That dreaded tax deadline is looming, and for many of you, you’re either a) can’t find that nifty list of write-offs you compiled last year, or b) forgot to set money aside to pay what you still owe the IRS. Here’s what to do if you can’t file or pay by April 15th.
File an Extension
Even if you’re certain you don’t owe any taxes, you still need to file. Neglecting to file means you won’t get your tax refund, but it also extends the amount of time the IRS has to audit you. Once you file your return, a three-year statute of limitations begins in which you can be audited. If you don’t commence this three-year period by filing a tax return, the IRS could come back to haunt you five or more years from now, hitting you will a tax bill, interest, and penalties. By then, you may not be able to prove you didn’t owe. Not filing your taxes can cause many problems for you in the future, especially in situations where you need to show recent tax paperwork.
If you are not ready to file your taxes, file an extension to avoid a monthly 5% failure-to-file penalty, which will pile up until you’ve been charged 25% of what you originally owed. After that, you’ll be charged interest until you settle your account (the current monthly rate is 0.75%, and this can change quarterly). The IRS will automatically approve any request for an extension, giving you until October 15th for get your taxes together. File Form 4868 (Application for Automatic Extension of Time to File U.S. Individual Income Tax Return) by April 15th. It only takes a minute — seriously — so don’t procrastinate! You don’t need to have a reason for extending, and signatures are not required (if your spouse is out of town, no problem).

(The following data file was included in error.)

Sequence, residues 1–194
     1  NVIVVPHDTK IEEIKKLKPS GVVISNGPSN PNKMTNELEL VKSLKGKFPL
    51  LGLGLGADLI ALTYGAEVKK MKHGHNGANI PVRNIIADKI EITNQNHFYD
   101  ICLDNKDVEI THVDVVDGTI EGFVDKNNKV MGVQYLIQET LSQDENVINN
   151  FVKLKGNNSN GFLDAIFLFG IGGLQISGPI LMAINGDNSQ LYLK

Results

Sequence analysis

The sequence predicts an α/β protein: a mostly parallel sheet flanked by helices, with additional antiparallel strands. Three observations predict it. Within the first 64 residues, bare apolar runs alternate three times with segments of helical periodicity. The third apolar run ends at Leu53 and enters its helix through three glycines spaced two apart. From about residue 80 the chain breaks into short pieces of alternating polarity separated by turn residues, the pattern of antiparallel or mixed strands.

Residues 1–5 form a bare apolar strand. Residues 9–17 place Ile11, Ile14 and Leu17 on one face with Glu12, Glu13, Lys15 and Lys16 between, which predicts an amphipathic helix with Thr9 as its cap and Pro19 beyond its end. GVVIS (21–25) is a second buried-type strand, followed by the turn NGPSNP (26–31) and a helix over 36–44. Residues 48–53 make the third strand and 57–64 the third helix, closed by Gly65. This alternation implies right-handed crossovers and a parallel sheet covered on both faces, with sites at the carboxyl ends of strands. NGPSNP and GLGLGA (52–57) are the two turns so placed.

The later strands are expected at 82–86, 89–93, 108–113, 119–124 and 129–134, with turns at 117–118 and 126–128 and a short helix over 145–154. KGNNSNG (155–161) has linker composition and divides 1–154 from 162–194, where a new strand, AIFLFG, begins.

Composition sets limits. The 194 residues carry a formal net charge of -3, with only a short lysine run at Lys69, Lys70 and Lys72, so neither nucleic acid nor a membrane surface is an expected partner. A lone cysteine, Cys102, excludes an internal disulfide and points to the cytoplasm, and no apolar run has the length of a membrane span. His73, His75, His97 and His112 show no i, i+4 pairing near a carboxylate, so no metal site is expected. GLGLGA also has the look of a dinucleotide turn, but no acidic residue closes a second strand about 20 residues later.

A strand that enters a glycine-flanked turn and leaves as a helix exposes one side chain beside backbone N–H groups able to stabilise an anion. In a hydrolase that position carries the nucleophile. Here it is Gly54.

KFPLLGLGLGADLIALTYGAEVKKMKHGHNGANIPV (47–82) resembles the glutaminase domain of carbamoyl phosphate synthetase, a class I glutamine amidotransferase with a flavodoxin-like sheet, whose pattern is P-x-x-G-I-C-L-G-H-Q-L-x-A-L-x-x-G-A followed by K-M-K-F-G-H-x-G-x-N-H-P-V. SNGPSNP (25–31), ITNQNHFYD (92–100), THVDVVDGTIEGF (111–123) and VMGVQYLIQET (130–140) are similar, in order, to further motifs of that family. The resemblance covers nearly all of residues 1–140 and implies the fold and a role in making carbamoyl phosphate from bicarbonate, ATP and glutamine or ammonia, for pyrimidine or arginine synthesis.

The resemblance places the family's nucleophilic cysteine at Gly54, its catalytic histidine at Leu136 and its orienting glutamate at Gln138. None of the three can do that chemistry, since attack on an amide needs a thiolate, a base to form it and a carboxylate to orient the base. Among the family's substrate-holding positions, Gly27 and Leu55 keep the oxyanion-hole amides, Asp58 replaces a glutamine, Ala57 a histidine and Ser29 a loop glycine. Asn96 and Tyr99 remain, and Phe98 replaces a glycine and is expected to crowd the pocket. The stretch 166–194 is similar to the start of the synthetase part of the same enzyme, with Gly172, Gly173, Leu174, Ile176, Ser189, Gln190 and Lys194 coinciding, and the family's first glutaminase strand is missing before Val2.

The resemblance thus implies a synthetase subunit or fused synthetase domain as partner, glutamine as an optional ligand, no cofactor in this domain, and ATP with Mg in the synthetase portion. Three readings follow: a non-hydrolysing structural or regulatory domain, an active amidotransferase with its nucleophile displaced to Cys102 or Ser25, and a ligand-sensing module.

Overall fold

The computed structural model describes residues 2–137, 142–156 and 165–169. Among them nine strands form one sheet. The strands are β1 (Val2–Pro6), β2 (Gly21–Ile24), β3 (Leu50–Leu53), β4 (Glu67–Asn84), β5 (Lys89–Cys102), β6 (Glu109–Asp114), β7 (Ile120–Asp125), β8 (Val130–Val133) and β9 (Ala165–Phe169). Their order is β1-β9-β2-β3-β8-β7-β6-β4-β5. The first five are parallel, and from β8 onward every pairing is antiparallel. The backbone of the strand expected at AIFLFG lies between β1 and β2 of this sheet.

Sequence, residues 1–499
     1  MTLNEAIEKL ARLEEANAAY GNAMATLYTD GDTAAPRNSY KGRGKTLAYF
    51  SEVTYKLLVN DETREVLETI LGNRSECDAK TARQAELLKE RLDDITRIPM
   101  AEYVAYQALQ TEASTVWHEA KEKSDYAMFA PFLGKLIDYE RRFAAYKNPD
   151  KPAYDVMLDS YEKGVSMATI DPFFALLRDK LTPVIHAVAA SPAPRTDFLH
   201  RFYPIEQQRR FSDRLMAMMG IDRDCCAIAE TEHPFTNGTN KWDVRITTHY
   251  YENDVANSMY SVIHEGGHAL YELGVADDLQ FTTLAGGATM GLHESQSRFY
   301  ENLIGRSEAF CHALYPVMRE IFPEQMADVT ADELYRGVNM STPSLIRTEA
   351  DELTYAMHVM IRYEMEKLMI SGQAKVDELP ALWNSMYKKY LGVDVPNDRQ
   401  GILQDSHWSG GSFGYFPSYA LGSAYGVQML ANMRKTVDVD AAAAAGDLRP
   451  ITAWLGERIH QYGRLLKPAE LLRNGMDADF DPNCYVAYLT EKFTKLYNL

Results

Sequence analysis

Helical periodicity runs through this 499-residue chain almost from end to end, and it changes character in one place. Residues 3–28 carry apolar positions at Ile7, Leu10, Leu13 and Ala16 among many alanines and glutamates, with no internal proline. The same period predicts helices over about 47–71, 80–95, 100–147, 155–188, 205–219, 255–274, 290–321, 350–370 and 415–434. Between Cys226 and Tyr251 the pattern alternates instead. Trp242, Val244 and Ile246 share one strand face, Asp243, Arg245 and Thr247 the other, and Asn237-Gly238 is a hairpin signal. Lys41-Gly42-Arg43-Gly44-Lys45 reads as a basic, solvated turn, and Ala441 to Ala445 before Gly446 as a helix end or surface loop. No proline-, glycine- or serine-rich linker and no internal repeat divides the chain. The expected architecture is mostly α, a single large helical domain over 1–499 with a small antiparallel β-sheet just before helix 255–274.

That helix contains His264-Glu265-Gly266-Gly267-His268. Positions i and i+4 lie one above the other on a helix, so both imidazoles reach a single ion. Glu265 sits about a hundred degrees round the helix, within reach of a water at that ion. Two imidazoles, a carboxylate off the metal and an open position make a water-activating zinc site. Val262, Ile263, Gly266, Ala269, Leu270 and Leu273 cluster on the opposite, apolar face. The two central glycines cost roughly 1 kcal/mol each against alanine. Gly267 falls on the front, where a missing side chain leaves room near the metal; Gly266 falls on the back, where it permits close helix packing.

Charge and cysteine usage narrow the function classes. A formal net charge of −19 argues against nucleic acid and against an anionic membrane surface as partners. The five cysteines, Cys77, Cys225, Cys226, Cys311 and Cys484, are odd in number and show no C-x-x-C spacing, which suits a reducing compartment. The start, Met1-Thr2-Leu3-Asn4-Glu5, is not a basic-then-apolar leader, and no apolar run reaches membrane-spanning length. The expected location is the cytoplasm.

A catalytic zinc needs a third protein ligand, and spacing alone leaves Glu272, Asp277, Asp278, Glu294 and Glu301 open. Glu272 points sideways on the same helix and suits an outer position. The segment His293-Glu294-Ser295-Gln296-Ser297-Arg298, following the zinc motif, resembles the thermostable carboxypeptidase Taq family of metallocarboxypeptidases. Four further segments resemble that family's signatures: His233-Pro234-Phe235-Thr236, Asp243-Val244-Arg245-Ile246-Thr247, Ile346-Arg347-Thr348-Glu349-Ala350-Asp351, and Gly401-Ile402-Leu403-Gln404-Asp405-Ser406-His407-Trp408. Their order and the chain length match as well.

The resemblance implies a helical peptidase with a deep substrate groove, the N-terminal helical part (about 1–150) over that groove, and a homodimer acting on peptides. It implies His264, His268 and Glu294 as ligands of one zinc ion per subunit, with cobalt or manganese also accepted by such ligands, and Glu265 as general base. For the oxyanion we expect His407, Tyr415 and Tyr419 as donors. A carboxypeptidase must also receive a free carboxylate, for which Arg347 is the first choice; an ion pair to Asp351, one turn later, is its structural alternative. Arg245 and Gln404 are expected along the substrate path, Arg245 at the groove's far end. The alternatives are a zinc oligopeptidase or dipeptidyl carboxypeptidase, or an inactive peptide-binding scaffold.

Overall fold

Find a Way to Pay
Filing a tax extension won’t automatically buy you time on paying what you owe. If you’re ready to file but can’t pay, you don’t need to file an extension; file and just pay what you can for now, or set up a payment plan.
You might have considered using a credit card to pay your tax bill, but you’ll be charged a fee of 1.88-2.35% for using credit, and potentially more (up to 3.93%) if you E-file. For example, if you owe $5,000 in taxes, that’s a fee of up to $196.50, plus your monthly credit card interest. Yikes. A better option is to request permission from the IRS to make installment payments on your tax bill. Do this by filing Form 9465 (Installment Agreement Request) with your 2012 return by April 15. You can generally suggest your own terms for installments, within reason. For example, if you owe $4,000, you might offer to pay $200 on the first of each month. Approval is generally automatic if you owe $25,000 or less and propose a repayment period of 60 months or less. Your request will be approved or rejected officially within 30 days of filing.
On approval of your installment plan, you’ll be charged a $105 “setup fee” (or $52, if you arrange for automatic withdrawals from your bank account). You’ll be charged interest (currently at 0.5% a month), which is probably much better than what you’ll get with other lenders. Do keep in mind that, while the government is willing to help with your 2012 liability, it won’t agree to defer payments for later years while you’re paying the 2012 tab; if you are still paying off your 2010 tax bills, forget about an installment deal for 2012.
If your income decreased, in 2012, you may be newly eligible for the Earned Income Tax Credit. If you earned less than $50,270 in 2012, check to see if you qualify; some workers could receive as much as $5,981. Eligibility depends on your earned income and family size, but single people and people without kids are eligible, too. The online EITC Assistant can help you quickly determine your eligibility; find out if you qualify, then file accordingly.
The worst thing you can do when it’s time to file and pay your taxes is to do nothing. Extensions are simple, and if you can’t pay what you owe, consider your options wisely and take action in a timely manner.